The primary method for accomplishing this holy feat is a very exact and specific usage of the Name of G-d, or more precisely Names of G-d of which there are many, as taught by Kabbalistic tradition. Success depends upon knowledge of which Name of G-d to use to accomplish a specific result, and even more important, making sure that one is a fitting vessel for the flow of such light – something that Torah, ideally, is supposed to promote. A mistake in either area can have very destructive results which is why those today who even have such knowledge are wary of using it in any practical manner.

However, on a far lesser level one can access this energy with amazing results just by becoming sensitive to it. At the very least, one can feel the energy run through him, and on a higher level, one can heal and be healed as a result of it, just by concentrating on the reality of this Life-Force. Meditation in search of this energy can, and usually does, result in a consciousness of it, and in the case of some gifted people, access to its flow.

Nevertheless, pure access and true control of the light can only be through the use of G-d’s Names, and these names represent the light itself. For, just as numbers and symbols are used to describe the nature of physical forces in Creation, Yud-Heh-Vav-Heh, the Ineffable Name of G-d (in non-Temple times we do not pronounce this Name as it is spelled) together with its variations and permutations – different versions of the Names that describe different aspects of the light produced by re- arranging the original letters, describe the light on an infinite number of spiritual levels.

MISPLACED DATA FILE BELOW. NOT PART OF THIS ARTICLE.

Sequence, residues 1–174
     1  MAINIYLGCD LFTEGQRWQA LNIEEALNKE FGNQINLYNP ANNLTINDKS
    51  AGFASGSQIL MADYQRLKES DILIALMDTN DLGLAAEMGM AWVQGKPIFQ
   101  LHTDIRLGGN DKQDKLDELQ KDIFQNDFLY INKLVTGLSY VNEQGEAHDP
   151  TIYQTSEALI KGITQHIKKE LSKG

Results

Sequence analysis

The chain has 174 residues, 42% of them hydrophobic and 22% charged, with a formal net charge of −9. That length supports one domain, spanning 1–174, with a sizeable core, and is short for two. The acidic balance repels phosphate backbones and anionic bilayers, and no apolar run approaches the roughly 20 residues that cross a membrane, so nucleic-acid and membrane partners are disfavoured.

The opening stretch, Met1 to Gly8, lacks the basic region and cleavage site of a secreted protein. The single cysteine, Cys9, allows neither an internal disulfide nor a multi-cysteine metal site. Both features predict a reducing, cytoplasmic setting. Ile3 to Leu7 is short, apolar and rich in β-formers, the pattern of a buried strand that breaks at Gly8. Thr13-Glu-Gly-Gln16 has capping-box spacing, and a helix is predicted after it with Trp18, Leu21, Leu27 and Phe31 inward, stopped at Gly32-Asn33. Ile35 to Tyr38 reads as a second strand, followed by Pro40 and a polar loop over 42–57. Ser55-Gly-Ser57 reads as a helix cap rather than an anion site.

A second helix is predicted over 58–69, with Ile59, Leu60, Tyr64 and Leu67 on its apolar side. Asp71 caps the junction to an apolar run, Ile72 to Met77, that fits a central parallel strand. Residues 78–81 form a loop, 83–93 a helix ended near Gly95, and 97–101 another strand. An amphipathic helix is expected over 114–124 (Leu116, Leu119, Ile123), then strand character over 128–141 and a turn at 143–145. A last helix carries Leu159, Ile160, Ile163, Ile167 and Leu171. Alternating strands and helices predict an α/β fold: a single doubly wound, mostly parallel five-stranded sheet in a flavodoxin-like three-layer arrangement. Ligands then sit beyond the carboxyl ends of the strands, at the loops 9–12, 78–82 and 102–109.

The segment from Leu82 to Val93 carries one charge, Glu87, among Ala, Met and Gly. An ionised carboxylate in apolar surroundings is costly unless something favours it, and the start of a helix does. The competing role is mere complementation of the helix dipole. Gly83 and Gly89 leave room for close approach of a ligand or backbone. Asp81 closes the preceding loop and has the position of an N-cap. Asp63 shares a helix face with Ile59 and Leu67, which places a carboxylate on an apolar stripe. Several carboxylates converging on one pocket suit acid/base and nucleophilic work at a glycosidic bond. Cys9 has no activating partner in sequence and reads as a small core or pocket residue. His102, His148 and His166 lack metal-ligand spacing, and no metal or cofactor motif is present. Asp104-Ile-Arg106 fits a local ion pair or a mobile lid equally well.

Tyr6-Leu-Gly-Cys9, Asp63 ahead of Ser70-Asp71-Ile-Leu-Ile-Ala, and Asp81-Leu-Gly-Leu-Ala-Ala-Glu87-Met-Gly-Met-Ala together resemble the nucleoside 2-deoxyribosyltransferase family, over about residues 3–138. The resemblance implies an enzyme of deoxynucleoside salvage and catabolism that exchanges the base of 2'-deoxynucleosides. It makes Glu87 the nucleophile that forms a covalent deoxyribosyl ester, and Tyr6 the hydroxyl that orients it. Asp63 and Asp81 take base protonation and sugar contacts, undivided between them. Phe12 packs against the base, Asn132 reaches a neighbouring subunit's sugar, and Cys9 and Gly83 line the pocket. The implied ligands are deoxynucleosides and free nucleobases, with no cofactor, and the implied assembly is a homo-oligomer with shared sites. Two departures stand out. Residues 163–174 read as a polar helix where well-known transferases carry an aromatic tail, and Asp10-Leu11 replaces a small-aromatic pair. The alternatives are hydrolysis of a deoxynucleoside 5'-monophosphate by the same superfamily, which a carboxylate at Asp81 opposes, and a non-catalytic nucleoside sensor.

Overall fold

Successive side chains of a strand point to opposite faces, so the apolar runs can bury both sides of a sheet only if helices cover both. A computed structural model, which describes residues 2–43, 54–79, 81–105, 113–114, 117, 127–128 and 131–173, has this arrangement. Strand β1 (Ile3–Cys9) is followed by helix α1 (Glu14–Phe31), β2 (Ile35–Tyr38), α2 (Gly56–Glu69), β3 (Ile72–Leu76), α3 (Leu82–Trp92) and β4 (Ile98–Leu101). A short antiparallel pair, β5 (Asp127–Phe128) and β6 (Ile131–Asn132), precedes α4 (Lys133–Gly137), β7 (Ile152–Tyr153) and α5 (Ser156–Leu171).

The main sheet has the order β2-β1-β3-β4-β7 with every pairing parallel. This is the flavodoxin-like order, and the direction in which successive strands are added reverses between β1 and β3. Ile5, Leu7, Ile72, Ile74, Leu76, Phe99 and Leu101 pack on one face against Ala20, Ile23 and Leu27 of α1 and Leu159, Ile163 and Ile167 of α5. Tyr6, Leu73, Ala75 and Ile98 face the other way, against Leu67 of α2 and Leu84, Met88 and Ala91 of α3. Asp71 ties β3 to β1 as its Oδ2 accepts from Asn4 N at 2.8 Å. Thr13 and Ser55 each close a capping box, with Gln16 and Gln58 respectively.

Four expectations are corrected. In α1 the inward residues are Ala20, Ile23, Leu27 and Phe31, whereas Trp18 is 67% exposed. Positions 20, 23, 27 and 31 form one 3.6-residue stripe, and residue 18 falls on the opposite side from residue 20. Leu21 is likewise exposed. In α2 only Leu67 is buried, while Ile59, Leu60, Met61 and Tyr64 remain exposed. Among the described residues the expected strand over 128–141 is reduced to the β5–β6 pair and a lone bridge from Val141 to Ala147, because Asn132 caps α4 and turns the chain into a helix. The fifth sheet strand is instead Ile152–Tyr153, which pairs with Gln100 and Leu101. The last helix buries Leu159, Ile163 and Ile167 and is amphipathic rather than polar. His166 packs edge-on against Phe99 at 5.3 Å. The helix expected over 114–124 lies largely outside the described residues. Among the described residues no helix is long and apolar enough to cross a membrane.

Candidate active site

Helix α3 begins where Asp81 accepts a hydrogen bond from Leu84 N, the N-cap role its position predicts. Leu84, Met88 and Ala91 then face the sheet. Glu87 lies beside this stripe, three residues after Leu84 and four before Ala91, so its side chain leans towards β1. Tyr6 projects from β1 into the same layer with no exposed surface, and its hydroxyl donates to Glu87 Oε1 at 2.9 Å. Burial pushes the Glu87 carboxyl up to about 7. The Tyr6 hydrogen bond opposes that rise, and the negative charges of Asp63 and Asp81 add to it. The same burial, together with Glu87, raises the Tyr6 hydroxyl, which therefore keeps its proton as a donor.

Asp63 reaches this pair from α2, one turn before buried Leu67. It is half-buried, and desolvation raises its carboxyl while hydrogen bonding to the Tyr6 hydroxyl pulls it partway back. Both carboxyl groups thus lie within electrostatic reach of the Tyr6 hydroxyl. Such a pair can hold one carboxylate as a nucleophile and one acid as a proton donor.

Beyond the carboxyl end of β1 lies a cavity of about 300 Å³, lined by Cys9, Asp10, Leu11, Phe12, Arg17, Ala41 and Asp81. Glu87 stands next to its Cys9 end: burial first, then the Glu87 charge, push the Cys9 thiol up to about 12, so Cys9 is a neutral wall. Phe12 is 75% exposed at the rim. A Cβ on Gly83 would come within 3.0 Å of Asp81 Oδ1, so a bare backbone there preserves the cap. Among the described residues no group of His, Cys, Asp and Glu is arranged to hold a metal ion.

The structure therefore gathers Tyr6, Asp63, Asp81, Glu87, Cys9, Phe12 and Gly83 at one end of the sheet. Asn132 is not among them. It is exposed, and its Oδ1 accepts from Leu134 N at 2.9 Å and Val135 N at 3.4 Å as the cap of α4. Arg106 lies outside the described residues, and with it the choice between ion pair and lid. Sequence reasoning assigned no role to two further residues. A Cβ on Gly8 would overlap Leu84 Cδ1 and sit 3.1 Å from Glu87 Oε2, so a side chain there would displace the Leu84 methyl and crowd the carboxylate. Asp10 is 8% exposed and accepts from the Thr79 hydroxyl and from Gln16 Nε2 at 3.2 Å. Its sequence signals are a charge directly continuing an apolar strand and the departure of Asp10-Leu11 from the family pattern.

G-d said, “Let there be light!” and there was light. G-d saw that the light was good, and G-d separated between the light and the darkness. (Bereishit 1:3-4)

To access the light in any other way may mean doing so in a “back door” manner, what is referred to by tradition as b’derech tuma (in an impure way). And, whereas this may be fine for a gentile providing he does not practice any form of idol worship, it is not acceptable for a Jew who can become spiritually impaired by doing so.

However, the time will come when history as we know it will come to an end, and a whole new spiritual era will begin when there will no longer be any confusion about the essence of who we are. The yetzer hara, the evil inclination within man, and the main device of Amalek, will be removed from the world and man will learn to see reality through his mind’s eye. With such a vision one can see the aura of light given off by all aspects of Creation through which the underlying G-dliness of all that exists becomes immediately apparent.

This is why it is more than for the sake of entertainment that Western society is obsessed with the idea of humans who possess super-human powers, either for good or for evil. It is more than fascinating that man at this late stage of history is questioning the very fabric of physical reality, for all that happens in Creation is the result of spiritual potential embodied in the Sefirot. If man thinks about something, if he understands something, or if he discovers something, it was made possible and directed by the light of the sefirah that governs that particular period of history.